Language: Polish, German, Russian
Director: Andrzej Wajda
Cast: Artur Zmijewski, Maja Ostaszewska
To say that the Soviet era did have its fair share of issues is an understatement. To actually see the horror it unleashed, on screen, is an experience in the futile game of asking the world, ‘Why?! Why this mindless murder?’
Katyn is a mind-numbing movie about the Katyn forest massacre of Polish Soldiers in 1940. It is based on the book Post Mortem: The Story of Katyn by Andrzej Mularczyk. It talks of the desperate attempts of the Soviet Army to pin the horrifying massacre on the Nazi Germans, even killing in the style of the Gestapo with a shot at the back of the head, which comes out through the forehead. The movie starts off with a young woman, Anna (Ostaszewska) and her daughter desperately traversing the lengths of Poland in search of her husband, Andrzej (Zmijewski) who we learn is an officer with the Polish Army. She finally finds him and begs him to return home with her. He refuses saying that he has an oath to the State. She returns home and he is carted off somewhere.
There are many small stories set within the larger narrative associated with the Katyn massacre. They all relate to the same mind-crushing reality of the ruthless high-handedness of the Soviets. The movie is mostly seen from the eyes of the women – the women who have been left behind. Andrej’s father is the head of a University. One evening, he goes for a meeting at the University and is informed that the University has to be shut immediately upon orders from Germany. He is then taken away. Dissent has no place in this stifling regime and anyone who utters a word against orders stares death in the face. Everything and everyone must be controlled.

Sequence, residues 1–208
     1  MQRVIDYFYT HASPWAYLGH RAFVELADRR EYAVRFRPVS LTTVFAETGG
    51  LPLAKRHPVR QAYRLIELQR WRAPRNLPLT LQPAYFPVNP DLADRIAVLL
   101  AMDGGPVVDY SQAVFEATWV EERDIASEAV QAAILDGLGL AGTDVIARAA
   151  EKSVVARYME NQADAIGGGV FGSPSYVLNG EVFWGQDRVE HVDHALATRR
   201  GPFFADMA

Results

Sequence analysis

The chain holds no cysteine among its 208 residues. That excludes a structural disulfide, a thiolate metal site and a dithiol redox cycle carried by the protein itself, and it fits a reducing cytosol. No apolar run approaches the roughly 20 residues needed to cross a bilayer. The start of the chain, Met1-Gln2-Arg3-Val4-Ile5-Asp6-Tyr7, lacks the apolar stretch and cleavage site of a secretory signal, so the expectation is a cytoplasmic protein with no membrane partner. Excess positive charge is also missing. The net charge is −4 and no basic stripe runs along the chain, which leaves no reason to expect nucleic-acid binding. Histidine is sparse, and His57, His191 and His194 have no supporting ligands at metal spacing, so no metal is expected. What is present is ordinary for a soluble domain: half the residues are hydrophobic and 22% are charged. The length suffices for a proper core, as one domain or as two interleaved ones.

Andrej is taken from one camp to another and all throughout he maintains a diary of the events as they take place. His wife remains optimistic, always imagining the next knock on the door will be that of her husband. Even 5 long years after his capture. The public address systems and the newspapers maintain lists of those Polish people who have been executed at Katyn and she desperately looks into each for any sign of Andrej. He isn’t on any of the lists but after 5 years, his friend Major Jersky returns with news of his death. Andrej was killed at Katyn. She receives his diary and the movie flashes back to the events after Andrej was taken away.
The Polish men (army officers, police, intelligentsia, lawyers, doctors and so on) who are on the lists are simply lined up, taken inside the executing chamber where the gunman waits to shoot. That one bullet at the back of the head. The body is then put into a chute through which it slides and on the other side, there are more people waiting to take the body and load it into a truck. Those who were not killed in this fashion at various camps were taken to the Katyn forest, shot and their bodies simply thrown into the huge pits that were dug. Andrej was one such casualty.
Why? Why did the Soviets carry out this mindless war crime? Simply to kill? Historians say it was to wipe out a majority of the Polish armed forces so that it would have become easier for the Soviet Army to gain control over Poland. Some others say it was simply to pin blame on the Nazis and drive deep wedges between states. Whatever the twisted reasons may be, it really makes one think and ponder over the utter, despicable futility of war and killing.
Verdict: Do watch it to know of a few episodes in the travails of Man, the beast.
Hot: A great insight into an infrequently heard-of episode in the bloody Soviet history
Not: May not be easily stomached by all. It is about calculated, pre-meditated mass murder after all.